Latest News on Global Chip Shortage: How are Automotive Manufacturers Moving Forward?

June 18, 2021 by Stephanie Leonida

Automotive manufacturers continue to ride the wave of the global semiconductor chip shortage triggered by the coronavirus pandemic.

The coronavirus pandemic caused an economic downturn across global markets. Semiconductor and electric vehicle battery markets were no exception and were hit hard. 

A large proportion of the world’s semiconductor chips are produced in China and Taiwan. The arrival of the pandemic, which had its genesis in these areas, set off a ripple effect across the semiconductor chip supply chain. 

Initially, automotive companies struggled to deal with the shortage in chip supplies but forged ahead to keep vehicle supplies on the go for their customers. Automotive giants including Tesla, General Motors, and Bosch are still battling with the semiconductor chip supply chain disruptions, with each company responding differently.


Bosch Sets New Standards in Chip Production

Bosch is making headway in expanding its chip manufacturing capabilities with the announcement of its new, fully digitized, highly-automated wafer fabrication (fab) in Dresden, Germany. The plant covers 72,000 square meters of floor space and has 250 workers onsite using digital twin technology


Wafers are necessary to produce semiconductor chips. Image used courtesy of Bosch


Following completion of construction, the workforce is expected to grow to 700 employees. The new plant is expected to start producing chips for Bosch’s production tools in July—six months earlier than planned. Chip production for Bosch’s automotive customers is planned to go ahead three months earlier than planned in September of this year. 


Tesla Cancels Model S Plaid Plus

Where Bosch is making headway in stepping up production to tackle the chip shortage, Tesla has had to take its foot off the pedal. A recent tweet from Tesla’s CEO, Elon Musk, announced the cancellation of a variant of its flagship sedan, the Model S Plaid Plus. On Twitter, Musk wrote: “Plaid+ is canceled.” He added, “0 to 60mph in under 2 secs. Quickest production car ever made of any kind.”


Tesla Model S Plaid, a variant of the canceled Plaid Plus. Image used courtesy of Tesla


The Plaid Plus would have cost around $150,000 and provided customers with 1,100 horsepower, 520 miles of range on a fully charged battery, and the ability to accelerate from 0 to 60 mph in under two seconds.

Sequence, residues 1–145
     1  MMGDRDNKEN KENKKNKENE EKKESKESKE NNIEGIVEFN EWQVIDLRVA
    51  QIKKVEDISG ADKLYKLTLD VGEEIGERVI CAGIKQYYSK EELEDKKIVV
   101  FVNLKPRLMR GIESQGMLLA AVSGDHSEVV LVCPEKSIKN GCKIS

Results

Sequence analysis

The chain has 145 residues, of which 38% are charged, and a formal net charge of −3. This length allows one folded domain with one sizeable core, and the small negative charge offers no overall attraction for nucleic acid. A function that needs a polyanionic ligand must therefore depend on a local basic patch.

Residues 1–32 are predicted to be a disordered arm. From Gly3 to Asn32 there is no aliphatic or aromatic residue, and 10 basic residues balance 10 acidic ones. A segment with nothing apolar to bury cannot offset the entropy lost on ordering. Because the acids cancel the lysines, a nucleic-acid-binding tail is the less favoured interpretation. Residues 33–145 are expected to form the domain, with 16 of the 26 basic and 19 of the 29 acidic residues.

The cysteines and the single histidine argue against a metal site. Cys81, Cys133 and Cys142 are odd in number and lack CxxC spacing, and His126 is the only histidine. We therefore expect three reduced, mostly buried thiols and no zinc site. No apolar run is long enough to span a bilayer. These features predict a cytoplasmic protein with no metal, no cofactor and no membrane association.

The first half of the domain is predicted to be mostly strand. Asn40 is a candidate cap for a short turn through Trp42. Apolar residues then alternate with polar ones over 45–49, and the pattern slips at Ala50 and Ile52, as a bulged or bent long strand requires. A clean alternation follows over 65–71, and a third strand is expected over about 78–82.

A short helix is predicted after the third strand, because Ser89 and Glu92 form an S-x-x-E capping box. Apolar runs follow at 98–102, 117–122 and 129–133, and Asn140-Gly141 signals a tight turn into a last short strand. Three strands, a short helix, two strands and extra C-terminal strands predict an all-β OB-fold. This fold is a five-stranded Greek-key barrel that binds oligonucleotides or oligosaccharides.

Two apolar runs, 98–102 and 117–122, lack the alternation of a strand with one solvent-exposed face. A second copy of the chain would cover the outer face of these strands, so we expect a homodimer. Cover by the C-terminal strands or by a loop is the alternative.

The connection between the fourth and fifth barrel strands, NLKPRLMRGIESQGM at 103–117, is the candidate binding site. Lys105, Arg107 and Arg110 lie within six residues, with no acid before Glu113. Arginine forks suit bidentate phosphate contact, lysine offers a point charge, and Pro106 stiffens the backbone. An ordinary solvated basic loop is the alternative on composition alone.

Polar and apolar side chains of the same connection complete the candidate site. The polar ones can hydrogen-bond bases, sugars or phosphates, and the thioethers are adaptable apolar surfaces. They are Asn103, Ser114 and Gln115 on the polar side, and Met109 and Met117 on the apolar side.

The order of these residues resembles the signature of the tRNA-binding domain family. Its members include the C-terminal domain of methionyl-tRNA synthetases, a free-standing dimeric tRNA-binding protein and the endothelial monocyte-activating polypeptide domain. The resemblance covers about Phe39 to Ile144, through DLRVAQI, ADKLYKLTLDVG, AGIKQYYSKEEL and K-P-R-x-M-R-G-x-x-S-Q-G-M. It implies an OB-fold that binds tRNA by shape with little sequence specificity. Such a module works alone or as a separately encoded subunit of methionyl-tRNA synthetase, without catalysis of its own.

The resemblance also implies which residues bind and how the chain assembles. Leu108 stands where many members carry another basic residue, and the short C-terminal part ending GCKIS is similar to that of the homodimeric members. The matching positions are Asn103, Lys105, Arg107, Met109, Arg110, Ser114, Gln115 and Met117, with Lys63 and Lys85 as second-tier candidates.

In a recent news release, Musk commented that in the first quarter of this year, Tesla faced the most difficult supply chain challenges that it had ever experienced. “Obviously, we were upset about the chip shortage. This is a huge problem,” Musk said. 

Musk also mentioned difficulties in developing the Model S sedan and Model X SUV (sports utility vehicle) concerning battery safety. A culmination of the chip shortage and the nature of how to develop and manufacture Model S and Model X vehicles could have been behind the decision to step down from Plaid Plus production.


General Motors Charlotte Technical Center

General Motors (GM) announced the start of the construction of its new Charlotte Technical Center in Concord, North Carolina. GM invested $45 million in the 130,000-square-foot facility, which is expected to enhance GM’s performance, as well as its racing capabilities. The new facility is scheduled to open early next year. 

On June 3, representatives of Chip Ganassi Racing, Richard Childress Racing, and Hendrick Motorsports came together with GM for the groundbreaking at the site of the Charlotte Center.


The GM Charlotte Technical Center. Image used courtesy of GM


In a recent news release, GM vice president of Global Safety, Systems and Integration, Jim Danahy, comment on how the facility hopes to expand GM’s racing and production footprints.

Developments made for the racing world are driven by competition and could push forward technological innovations for GM’s production vehicles. At the new Charlotte facility, GM’s production vehicle engineers will be able to gain valuable training experiences, get to grips with and fine-tune their knowledge of driver-in-the-loop simulators, aero development, and other software-enabled vehicle modeling technology.

GM appears to be unhindered by the semiconductor chip shortage and is racing ahead to innovate in the racing arena and provide a technical center where vehicles can be modeled faster without compromising quality.

Featured image used courtesy of Bosch